You may not be turned down for services but you will be asked for a hefty deposit if your credit score does not measure up.

Housing. It is no surprise that your credit reports are checked thoroughly for a home loan, however, if you plan on renting also plan on having a good score. Negative information on your credit report as well as high debts can prevent you from renting. Not many property owners or associations like to have tenants who have had or currently have financial issues. Chances are, if the consumer has had problems paying their previous bills or are facing a large debt, the risk of them making rent on time may be high and therefore not favorable.

Auto loans. If you are planning to purchase a car and you have low credit scores, understand that this may mean extremely high interest rates and consequently high monthly payments.

Consumers with low credit scores can expect to acquire an interest rate ranging anywhere from 19 to 26 percent. Where as, individuals with better or good credit ratings are going to receive an interest rate of about 6 to 7 percent.

Auto Insurance. With a good credit score, you are most likely going to be eligible for a low premium (other factors are considered, such as diving record, type of vehicle, etc.). However, if you have a low score and poor credit history, your credit record will get noted on your insurance application making you a consumer who pays between 20 to 50 percent more in premiums.

What’s the logic behind all this profiling?

Lenders and business that grant services depend on your credit history and/or score to determine how likely you are to pay them back. Does your history show a responsible, credit worthy consumer or have you fallen into a financial gap and therefore seem more of a risk?

If you have not ordered your credit reports within the past year, go to and receive all three, for free. Evaluate what creditors are saying about you. Make sure the information is correct. If you find errors, fix them. All of the credit reports have contact information for the credit bureaus and the creditors. Do not delay in making corrections as this could be costing you money.

Many consumers struggle with the negative effects of poor credit reports. Although it does not have to be that way forever. Improving your credit history and score is a matter of organizing your finances. Take the time to sit with your expenses and develop a budget that you can stick to. A budget is key to improving your financial health. Continue to practice your new financial obligations and goals until they become a habit. Within six to twelve months, you could have a much improved credit score and change those high interest rates and premiums to amounts that you can handle.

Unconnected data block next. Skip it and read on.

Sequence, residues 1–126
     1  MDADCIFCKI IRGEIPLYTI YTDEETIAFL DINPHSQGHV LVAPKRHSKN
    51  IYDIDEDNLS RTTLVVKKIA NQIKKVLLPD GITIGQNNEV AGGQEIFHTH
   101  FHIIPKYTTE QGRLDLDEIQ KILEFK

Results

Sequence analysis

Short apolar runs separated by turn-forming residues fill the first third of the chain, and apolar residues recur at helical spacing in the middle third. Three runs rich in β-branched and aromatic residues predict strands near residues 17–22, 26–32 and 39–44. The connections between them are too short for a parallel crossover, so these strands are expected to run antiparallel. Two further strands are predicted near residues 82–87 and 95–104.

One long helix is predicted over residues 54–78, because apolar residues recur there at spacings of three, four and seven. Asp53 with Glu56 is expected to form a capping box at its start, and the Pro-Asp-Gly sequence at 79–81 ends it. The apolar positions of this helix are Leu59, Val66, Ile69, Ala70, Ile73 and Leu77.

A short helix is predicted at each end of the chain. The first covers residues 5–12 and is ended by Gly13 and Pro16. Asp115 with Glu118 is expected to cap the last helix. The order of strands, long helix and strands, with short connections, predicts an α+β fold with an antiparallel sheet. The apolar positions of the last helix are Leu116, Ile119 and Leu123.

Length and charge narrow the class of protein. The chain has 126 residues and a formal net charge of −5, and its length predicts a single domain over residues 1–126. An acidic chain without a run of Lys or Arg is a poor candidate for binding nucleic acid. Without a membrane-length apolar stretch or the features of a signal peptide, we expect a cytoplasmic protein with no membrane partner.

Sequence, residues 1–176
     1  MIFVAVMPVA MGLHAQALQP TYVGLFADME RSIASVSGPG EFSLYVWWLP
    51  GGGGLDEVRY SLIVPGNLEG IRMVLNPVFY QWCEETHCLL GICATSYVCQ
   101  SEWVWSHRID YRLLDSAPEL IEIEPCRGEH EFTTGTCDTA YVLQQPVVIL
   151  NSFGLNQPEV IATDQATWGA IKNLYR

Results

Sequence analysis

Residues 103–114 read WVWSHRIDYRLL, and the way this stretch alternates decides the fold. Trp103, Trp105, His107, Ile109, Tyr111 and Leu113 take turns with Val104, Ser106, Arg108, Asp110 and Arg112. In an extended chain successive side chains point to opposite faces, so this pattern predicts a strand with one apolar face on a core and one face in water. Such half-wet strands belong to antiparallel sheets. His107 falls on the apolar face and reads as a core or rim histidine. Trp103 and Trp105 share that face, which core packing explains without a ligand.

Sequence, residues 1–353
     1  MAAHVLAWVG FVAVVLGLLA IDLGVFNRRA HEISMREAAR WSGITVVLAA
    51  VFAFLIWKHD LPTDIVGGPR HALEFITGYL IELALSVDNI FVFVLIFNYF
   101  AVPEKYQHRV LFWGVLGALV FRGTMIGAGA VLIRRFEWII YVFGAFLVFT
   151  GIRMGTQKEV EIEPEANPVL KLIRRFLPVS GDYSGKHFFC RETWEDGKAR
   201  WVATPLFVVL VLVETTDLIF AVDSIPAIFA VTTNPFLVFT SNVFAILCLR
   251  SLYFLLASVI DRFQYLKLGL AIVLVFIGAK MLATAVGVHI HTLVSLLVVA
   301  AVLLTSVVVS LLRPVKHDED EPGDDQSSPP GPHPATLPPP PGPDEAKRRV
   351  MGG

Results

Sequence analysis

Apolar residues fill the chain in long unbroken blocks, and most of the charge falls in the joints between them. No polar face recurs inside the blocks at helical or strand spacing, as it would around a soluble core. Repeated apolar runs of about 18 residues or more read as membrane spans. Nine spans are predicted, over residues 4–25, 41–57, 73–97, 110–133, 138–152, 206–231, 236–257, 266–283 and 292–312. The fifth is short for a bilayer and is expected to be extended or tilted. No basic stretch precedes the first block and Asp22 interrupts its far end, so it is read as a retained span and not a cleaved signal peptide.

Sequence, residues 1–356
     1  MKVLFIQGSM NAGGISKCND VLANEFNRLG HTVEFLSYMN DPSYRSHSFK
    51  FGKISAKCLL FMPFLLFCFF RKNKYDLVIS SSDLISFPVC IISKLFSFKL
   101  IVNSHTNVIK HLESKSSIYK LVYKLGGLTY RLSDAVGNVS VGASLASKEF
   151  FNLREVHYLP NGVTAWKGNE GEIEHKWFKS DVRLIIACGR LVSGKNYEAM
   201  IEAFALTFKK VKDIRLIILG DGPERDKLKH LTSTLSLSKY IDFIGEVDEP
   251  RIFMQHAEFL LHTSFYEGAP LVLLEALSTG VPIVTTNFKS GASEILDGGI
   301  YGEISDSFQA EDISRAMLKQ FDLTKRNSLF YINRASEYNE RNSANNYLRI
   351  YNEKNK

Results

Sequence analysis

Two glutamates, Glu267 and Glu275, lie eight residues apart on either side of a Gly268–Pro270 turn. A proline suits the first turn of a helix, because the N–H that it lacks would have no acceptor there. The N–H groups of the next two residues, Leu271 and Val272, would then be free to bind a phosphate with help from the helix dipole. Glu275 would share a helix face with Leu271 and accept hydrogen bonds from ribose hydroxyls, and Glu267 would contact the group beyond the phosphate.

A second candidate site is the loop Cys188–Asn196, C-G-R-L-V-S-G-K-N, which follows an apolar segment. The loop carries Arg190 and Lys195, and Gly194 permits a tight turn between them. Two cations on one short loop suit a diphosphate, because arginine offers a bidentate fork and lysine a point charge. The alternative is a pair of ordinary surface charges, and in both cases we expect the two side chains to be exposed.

MONEY SAVING TIP:  Wants vs. Needs

Instead of focusing on saving for a specific product with this ezine, we would like to challenge what you think your wants vs. your needs are. If you want to save money, do not make the mistake of confusing a want for a need. Needs are simple to identify: shelter, food, clothing, transportation. Wants are items that enhance or improve our life. Clothes for instance are a need, but wanting to shop at a particular store for a particular brand is a want. A vehicle might be a need, depending on where you live. However, a sports utility vehicle is a want. Do not neglect yourself from the things you want, but if you are finding it hard to stick to a budget or cutting expenses, practice only spending money on needs for just a month….you will be surprised how much you save.

DID YOU KNOW… that there are things you can do to help boost your credit score?

While there is nothing that can be done about the accurate negative information on your credit report, there are things you can from this point forward to improve low numbers.

Order a copy of your credit reports. You may get a free one from each of your credit bureaus every twelve months be visiting

  • Fair Issac Corporation states that 35% of your score comes from credit payment history; therefore, paying bills on time is the key to making your scores go up. Regardless of how many bills feature on your credit reports, making sure that they are paid on time will help your score.
  • Avoid acquiring more credit. This is especially important if you haven’t had credit for very long.
  • If you have questionable credit history, open a new credit account, use it responsibly and pay it off on time.
  • Do not open credit accounts you do not intend to use.
  • Keep your balance low in relation to your available credit.  Keeping your balance below 25% of your limit, will improve your debt to income ratio.
  • Pay off credit card debt rather than moving it around to lower rate cards.

Please note these tips will not clear your credit report right away. It took some time for your credit to appear the way it does and it will take some time to clear things up and improve your score.  Never-the-less, be consistent with your efforts and the rewards will undoubtedly happen.